I got this question from Johanne Begg on my Lorn Pearson Trains Facebook page:
Q. I’ve recently got into the London Marathon through the ballot – for my first marathon ever! I’ve run a few 10ks and 3 half marathons in the last few years so decided it was time to step up so applied for it and got it! I was a bit shocked to say the least but am going to do it! So…I was wondering…do you have a marathon training plan you would recommend thanks?x
I was in the same boat as you in October 2009, when I decided that I was going to do my first official marathon – the Lochaber Marathon in April 2010. I’m the kind of person who likes to try things out before I commit to things, so in Winter of 2009, I attempted to train to complete a marathon.
I’d done quite a few half marathons by then, and was going to train for some more when I decided attempting a marathon would be a better challenge for me. I trained for 9 weeks and decided on the 21st of November that I was ready for it. I ran 13.1 miles north up the west side of Loch Lomond from Balloch, and back. Here is the training plan I used for the lead up to my first Winter Marathon: Winter Marathon Training Plan
(See more of my training plans here)
I learned a lot from training for the marathon in the Winter. About how to build up my miles, what energy and hydration to take on, and how cross training helps. Since you have around 10 weeks left of the year, I’d suggest you try to run long (you don’t need to do the full 26.2 miles unless you want to – maybe up to 18 miles?) and see how you get on and what you learn from it.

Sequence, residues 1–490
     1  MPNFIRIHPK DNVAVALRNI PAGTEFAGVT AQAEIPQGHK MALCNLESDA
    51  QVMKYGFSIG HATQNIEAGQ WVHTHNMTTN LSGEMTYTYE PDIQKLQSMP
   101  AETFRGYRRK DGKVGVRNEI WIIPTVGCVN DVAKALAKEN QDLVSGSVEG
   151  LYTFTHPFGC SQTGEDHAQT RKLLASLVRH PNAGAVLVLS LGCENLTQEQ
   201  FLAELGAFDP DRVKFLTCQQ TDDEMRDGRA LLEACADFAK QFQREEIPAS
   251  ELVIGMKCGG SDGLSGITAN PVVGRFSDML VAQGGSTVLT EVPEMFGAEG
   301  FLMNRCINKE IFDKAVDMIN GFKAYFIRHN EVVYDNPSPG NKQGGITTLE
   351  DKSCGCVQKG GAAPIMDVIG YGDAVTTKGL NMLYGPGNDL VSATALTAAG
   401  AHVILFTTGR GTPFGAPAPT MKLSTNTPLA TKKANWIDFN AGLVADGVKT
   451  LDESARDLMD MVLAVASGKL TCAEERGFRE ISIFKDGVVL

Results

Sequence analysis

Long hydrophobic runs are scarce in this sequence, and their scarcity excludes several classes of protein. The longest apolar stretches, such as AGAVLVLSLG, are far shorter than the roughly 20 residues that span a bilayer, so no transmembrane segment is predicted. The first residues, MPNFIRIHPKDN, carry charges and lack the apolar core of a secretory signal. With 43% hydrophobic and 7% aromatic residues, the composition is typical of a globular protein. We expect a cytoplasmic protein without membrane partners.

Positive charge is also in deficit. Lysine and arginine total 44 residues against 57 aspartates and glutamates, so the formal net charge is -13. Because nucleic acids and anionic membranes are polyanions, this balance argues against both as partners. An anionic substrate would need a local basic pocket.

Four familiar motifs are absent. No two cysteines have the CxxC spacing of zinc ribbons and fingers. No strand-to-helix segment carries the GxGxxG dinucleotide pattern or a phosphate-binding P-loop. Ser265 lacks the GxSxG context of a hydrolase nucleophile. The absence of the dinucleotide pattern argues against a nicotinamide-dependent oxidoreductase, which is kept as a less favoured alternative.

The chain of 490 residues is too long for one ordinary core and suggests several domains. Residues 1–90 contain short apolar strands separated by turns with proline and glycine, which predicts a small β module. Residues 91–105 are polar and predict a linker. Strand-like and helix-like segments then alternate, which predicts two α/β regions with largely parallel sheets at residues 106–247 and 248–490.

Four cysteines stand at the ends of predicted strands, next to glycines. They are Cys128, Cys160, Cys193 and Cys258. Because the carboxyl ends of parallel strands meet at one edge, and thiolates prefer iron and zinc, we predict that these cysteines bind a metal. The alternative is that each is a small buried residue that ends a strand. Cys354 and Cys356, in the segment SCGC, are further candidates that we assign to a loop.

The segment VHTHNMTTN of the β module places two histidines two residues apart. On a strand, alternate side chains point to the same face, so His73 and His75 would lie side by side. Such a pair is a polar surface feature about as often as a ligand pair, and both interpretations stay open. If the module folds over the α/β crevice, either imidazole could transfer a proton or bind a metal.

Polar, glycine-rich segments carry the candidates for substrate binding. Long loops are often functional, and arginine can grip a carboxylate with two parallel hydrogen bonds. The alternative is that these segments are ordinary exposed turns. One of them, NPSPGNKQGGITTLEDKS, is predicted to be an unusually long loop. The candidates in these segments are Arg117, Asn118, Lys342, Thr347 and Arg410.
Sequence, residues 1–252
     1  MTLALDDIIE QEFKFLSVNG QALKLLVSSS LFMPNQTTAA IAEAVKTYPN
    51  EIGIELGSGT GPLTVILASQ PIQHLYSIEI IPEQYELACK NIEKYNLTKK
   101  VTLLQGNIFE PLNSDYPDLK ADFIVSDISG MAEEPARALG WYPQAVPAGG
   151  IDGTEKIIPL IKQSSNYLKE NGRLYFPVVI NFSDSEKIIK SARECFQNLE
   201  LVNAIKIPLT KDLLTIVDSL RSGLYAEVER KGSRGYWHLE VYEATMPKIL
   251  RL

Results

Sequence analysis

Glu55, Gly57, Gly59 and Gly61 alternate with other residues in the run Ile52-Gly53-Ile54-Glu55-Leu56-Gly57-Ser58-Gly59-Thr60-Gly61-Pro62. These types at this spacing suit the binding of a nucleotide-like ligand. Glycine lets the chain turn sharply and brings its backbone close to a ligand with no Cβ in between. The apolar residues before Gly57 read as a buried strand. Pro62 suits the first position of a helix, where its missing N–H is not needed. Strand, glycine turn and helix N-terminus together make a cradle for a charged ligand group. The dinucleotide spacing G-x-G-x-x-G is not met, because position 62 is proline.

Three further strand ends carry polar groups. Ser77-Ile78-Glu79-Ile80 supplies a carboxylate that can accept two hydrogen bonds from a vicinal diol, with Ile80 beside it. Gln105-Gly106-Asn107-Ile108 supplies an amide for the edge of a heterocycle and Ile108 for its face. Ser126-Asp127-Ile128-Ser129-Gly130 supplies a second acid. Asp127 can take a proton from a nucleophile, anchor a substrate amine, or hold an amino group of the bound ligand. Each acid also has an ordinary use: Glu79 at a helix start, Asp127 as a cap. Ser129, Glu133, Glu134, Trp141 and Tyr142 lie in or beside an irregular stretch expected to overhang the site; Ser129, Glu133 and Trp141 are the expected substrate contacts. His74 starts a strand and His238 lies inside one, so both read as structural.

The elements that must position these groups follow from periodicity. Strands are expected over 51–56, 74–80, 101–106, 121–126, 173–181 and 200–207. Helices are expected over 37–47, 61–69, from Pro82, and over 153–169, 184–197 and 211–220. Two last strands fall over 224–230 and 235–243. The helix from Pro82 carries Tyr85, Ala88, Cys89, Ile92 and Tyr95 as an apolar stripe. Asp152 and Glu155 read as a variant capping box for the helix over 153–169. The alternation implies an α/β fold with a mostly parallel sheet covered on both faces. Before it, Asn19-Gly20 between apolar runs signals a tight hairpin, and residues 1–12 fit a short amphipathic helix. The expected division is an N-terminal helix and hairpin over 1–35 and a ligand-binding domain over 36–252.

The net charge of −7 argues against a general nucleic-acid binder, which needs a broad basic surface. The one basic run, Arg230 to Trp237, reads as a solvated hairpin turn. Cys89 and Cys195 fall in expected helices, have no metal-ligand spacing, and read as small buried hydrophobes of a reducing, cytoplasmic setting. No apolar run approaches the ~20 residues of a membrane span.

Then you can take some rest over Christmas and start training for the London Marathon in January 2013.
MARATHON TRAINING PLANS
As for training plans for the marathon, I’ve always based my training plans on the Runners World Smart Coach tool. It suggests a 4 weekly plan, where you build up your mileage for your long runs for three weeks, then have an easy week with a shorter long run.
I’d suggest you run no more than 3-4 times a week and if you want to do more exercise, do cross training such as strength work, circuits or swimming. Consider running on routes which are similar to the ones you’ll run for London (urban) and maybe check out the Elevation of the London Marathon.
Here’s the two step training plan I’d suggest for you:
And I’d also suggest you buy this book: The Competitive Runners Handbook to learn more. 🙂